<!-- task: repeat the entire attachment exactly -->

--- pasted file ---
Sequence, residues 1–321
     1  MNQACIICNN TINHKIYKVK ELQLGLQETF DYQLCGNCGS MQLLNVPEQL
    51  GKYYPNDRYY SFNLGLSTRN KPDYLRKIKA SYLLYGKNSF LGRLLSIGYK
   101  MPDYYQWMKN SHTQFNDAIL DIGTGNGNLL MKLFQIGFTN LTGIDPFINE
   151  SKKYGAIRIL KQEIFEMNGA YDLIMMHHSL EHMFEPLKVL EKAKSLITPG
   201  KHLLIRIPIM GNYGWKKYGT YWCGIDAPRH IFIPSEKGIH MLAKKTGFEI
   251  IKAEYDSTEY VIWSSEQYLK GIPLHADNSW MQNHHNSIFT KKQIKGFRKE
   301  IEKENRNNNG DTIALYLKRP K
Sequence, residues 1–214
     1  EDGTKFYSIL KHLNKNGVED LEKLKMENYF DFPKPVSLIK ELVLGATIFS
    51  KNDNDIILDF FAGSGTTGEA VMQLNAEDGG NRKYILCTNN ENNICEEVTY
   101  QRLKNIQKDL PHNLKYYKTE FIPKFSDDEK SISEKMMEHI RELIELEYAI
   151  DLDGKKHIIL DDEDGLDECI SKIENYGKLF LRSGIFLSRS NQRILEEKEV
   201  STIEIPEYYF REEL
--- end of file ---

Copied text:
Sequence, residues 1–321
     1  MNQACIICNN TINHKIYKVK ELQLGLQETF DYQLCGNCGS MQLLNVPEQL
    51  GKYYPNDRYY SFNLGLSTRN KPDYLRKIKA SYLLYGKNSF LGRLLSIGYK
   101  MPDYYQWMKN SHTQFNDAIL DIGTGNGNLL MKLFQIGFTN LTGIDPFINE
   151  SKKYGAIRIL KQEIFEMNGA YDLIMMHHSL EHMFEPLKVL EKAKSLITPG
   201  KHLLIRIPIM GNYGWKKYGT YWCGIDAPRH IFIPSEKGIH MLAKKTGFEI
   251  IKAEYDSTEY VIWSSEQYLK GIPLHADNSW MQNHHNSIFT KKQIKGFRKE
   301  IEKENRNNNG DTIALYLKRP K
Sequence, residues 1–214
     1  EDGTKFYSIL KHLNKNGVED LEKLKMENYF DFPKPVSLIK ELVLGATIFS
    51  KNDNDIILDF FAGSGTTGEA VMQLNAEDGG NRKYILCTNN ENNICEEVTY
   101  QRLKNIQKDL PHNLKYYKTE FIPKFSDDEK SISEKMMEHI RELIELEYAI
   151  DLDGKKHIIL DDEDGLDECI SKIENYGKLF LRSGIFLSRS NQRILEEKEV
   201  STIEIPEYYF REEL